Journey through Harvard University president Charles Eliot’s “five-foot shelf” of classics. This collection, first published in the early 1900s, remains one of the most comprehensive and well-researched anthologies of all time. Dr. Eliot’s Five Foot Shelf Making good on earlier claims … more
Thomas à Kempis (c. 1380–1471) was a late-Medieval Catholic monk and the probable author of The Imitation of Christ—a classic in Christian literature and one of the best-known books on Christian devotion. His name means “Thomas of Kempen,” his hometown, and in German he is known as Thomas von Kempen. He also is known by various spellings of his family name: Thomas Haemerkken, Thomas Hammerlein, Thomas Hemerken, and Thomas Hämerken.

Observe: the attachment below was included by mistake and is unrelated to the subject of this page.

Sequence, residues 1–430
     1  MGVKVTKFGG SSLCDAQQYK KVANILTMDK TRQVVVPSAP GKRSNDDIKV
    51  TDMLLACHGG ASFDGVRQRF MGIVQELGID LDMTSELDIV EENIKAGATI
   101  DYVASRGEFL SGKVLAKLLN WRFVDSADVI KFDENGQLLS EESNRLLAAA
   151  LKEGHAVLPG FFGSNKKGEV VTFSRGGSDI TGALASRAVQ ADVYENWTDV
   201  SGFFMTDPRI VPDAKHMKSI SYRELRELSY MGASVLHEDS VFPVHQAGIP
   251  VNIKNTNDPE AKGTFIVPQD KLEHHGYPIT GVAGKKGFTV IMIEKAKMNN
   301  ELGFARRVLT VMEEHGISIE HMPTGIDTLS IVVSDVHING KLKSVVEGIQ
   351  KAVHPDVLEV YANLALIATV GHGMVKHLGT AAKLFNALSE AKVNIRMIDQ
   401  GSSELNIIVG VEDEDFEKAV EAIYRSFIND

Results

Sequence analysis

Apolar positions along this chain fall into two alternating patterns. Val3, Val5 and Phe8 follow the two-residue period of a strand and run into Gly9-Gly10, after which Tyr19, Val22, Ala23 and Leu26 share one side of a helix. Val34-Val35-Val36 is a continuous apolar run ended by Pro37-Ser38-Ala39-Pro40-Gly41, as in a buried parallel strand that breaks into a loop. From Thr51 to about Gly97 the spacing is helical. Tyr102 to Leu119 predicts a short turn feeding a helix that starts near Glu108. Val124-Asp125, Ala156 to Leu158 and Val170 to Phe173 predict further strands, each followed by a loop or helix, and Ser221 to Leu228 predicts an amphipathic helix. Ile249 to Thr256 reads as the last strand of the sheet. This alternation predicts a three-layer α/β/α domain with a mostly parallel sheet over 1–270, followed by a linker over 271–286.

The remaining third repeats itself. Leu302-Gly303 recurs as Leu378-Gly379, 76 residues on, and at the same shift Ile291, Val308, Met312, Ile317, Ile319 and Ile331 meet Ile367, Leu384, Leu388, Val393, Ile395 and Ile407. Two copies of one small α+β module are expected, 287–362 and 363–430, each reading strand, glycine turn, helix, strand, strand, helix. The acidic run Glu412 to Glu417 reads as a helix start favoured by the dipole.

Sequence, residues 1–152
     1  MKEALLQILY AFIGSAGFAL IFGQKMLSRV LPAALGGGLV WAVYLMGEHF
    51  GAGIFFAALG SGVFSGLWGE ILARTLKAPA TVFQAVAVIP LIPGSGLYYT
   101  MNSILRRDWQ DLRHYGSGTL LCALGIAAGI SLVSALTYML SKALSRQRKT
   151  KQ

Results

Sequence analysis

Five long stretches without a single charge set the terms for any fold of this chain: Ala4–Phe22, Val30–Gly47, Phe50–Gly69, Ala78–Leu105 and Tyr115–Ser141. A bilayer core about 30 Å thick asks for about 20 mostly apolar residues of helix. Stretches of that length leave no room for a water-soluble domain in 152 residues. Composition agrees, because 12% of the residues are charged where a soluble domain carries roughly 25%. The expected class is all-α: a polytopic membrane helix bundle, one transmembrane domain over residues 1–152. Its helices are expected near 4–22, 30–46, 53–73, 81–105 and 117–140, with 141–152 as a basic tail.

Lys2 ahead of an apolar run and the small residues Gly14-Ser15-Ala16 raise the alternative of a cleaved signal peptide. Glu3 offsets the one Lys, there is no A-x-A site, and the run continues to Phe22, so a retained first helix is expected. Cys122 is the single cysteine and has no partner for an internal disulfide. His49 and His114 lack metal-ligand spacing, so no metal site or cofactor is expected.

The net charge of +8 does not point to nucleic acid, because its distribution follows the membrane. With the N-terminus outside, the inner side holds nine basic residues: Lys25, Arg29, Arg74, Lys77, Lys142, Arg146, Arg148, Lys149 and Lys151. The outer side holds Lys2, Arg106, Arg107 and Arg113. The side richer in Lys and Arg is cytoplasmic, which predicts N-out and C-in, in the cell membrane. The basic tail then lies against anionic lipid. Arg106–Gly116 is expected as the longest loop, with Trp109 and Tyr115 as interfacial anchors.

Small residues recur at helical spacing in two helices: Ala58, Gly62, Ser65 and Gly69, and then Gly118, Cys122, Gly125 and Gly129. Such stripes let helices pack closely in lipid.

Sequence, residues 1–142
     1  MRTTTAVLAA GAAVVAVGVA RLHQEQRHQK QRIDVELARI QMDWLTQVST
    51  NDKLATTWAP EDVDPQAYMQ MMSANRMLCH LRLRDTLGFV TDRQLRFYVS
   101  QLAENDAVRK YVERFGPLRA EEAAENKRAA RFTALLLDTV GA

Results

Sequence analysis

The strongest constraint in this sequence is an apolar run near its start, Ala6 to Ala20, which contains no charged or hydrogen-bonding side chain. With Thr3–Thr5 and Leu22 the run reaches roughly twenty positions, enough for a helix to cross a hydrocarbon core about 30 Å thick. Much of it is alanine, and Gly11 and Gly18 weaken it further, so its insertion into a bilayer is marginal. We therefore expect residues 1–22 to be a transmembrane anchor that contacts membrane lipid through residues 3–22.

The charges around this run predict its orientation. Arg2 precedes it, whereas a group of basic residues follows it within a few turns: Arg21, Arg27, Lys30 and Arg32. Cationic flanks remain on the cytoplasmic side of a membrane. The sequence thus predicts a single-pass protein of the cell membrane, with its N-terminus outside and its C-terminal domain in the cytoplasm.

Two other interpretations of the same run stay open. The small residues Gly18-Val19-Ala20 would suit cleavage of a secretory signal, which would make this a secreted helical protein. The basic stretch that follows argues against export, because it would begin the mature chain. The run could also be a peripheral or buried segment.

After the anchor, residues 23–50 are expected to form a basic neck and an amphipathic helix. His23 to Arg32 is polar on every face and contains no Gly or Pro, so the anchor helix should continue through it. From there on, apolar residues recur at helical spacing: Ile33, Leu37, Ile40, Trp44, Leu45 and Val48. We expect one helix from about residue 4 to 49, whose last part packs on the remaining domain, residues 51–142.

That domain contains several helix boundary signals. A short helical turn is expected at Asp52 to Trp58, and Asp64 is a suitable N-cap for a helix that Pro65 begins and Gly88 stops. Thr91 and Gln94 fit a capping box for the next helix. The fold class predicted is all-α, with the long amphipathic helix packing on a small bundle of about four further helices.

As he traveled with his brother to attend school in the Netherlands, he was introduced to the Brethren of the Common Life—followers of Gerard Groote's Modern Devotion movement. After finishing school, he joined the Mount St. Agnes monastery, where he spent the rest of his life in devotion and prayer.
Thomas' sermons, meditations, and prayers—compiled in The Works of Thomas à Kempis (7 vols) have influenced many Christian writers.